Holloway v. United States

526 U.S. 1, 119 S. Ct. 966, 143 L. Ed. 2d 1, 1999 U.S. LEXIS 1708, 67 U.S.L.W. 4148, 99 Cal. Daily Op. Service 1548, 99 Daily Journal DAR 1979, 1999 Colo. J. C.A.R. 1119, 12 Fla. L. Weekly Fed. S 134



A specific intent to commit an act can be found even where the intent is conditioned on the victim failing to comply with the defendant’s instructions.


This case involved an armed carjacking where the defendant threatened to harm or kill the driver if the car was not turned over.


Does the phrase “carjacking with the intent to cause death or serious bodily harm” merely require proof that the defendant has an intent to kill or harm if necessary to effect a carjacking? or does the phrase require proof that the defendant had an unconditional intent to kill or harm in all events? 




The phrase merely requires proof of the intent to kill or harm if necessary to affect a carjacking.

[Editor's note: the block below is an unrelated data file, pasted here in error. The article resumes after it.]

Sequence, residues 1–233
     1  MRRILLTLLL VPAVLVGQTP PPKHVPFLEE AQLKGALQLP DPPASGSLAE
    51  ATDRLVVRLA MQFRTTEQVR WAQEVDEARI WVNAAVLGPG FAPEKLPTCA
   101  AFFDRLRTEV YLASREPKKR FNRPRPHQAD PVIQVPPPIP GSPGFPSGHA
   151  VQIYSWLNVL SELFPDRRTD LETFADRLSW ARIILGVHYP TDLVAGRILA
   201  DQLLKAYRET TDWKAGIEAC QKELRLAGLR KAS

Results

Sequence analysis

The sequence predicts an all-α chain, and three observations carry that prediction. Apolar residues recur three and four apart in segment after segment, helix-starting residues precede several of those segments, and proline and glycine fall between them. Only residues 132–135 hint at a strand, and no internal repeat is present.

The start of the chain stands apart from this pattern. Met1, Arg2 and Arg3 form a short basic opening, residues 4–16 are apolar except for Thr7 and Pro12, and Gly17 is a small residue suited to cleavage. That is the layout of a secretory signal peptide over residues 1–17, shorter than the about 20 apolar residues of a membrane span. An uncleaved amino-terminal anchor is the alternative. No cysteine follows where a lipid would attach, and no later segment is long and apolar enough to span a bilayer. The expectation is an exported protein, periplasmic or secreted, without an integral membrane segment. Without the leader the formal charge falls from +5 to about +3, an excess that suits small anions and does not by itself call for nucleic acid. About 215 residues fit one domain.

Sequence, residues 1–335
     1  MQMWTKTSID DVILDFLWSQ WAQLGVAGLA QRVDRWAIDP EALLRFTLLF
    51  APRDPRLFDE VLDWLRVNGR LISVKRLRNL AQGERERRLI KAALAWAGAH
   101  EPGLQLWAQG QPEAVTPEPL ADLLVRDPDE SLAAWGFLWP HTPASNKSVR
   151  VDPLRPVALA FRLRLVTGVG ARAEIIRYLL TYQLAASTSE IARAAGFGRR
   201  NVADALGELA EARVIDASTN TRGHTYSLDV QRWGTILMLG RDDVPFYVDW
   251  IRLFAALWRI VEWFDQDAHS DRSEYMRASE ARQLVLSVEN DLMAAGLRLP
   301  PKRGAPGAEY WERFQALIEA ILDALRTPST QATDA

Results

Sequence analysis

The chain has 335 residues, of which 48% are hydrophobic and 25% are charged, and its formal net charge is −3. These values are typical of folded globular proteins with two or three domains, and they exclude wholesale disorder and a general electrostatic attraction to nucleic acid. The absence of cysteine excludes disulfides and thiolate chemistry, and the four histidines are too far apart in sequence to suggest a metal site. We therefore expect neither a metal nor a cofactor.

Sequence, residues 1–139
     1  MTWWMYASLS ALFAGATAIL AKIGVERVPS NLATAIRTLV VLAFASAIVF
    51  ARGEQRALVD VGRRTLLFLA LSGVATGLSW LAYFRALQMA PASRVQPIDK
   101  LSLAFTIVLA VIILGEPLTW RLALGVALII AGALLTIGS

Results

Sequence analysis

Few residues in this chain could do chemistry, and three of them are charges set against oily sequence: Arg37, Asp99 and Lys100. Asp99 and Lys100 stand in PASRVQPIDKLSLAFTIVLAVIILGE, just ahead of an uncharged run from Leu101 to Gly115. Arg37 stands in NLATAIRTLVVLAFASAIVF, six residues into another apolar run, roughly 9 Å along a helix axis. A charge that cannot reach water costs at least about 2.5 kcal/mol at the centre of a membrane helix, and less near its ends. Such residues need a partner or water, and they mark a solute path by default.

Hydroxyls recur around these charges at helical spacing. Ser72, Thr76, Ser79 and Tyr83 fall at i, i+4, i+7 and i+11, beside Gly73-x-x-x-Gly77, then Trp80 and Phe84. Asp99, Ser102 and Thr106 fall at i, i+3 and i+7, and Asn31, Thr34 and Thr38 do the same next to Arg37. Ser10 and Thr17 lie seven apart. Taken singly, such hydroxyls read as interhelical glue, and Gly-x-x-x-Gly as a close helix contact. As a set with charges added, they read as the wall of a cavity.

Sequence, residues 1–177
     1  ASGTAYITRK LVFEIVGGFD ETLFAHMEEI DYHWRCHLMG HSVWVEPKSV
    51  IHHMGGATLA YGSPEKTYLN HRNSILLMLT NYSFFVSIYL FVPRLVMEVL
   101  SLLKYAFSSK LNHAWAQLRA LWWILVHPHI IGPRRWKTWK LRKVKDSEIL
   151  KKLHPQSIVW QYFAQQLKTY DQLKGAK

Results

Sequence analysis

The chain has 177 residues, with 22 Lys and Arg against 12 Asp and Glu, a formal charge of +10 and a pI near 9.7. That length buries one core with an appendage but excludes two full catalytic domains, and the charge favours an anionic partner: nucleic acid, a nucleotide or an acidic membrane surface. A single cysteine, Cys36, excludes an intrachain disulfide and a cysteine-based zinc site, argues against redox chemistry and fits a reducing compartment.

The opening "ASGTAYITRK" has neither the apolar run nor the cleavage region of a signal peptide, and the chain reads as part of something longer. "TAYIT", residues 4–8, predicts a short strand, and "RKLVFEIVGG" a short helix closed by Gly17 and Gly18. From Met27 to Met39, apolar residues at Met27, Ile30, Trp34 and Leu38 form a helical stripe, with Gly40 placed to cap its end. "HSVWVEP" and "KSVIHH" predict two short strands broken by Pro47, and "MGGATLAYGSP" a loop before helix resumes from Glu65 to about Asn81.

A specific intent to harm can be found when a defendant threatens to harm the victim if he or she fails to comply and requires the victim to comply with a condition that the defendant has no right to impose. Where specific intent is an element of an offense, a defendant cannot negate the existence of specific intent by conditioning the prohibited act on the victim’s failure to comply with the defendant’s requests. The court follows the majority conclusion that Congress intended to criminalize the typical carjacking whereby the carjacker steals the car by way of a threat of harm to the driver.

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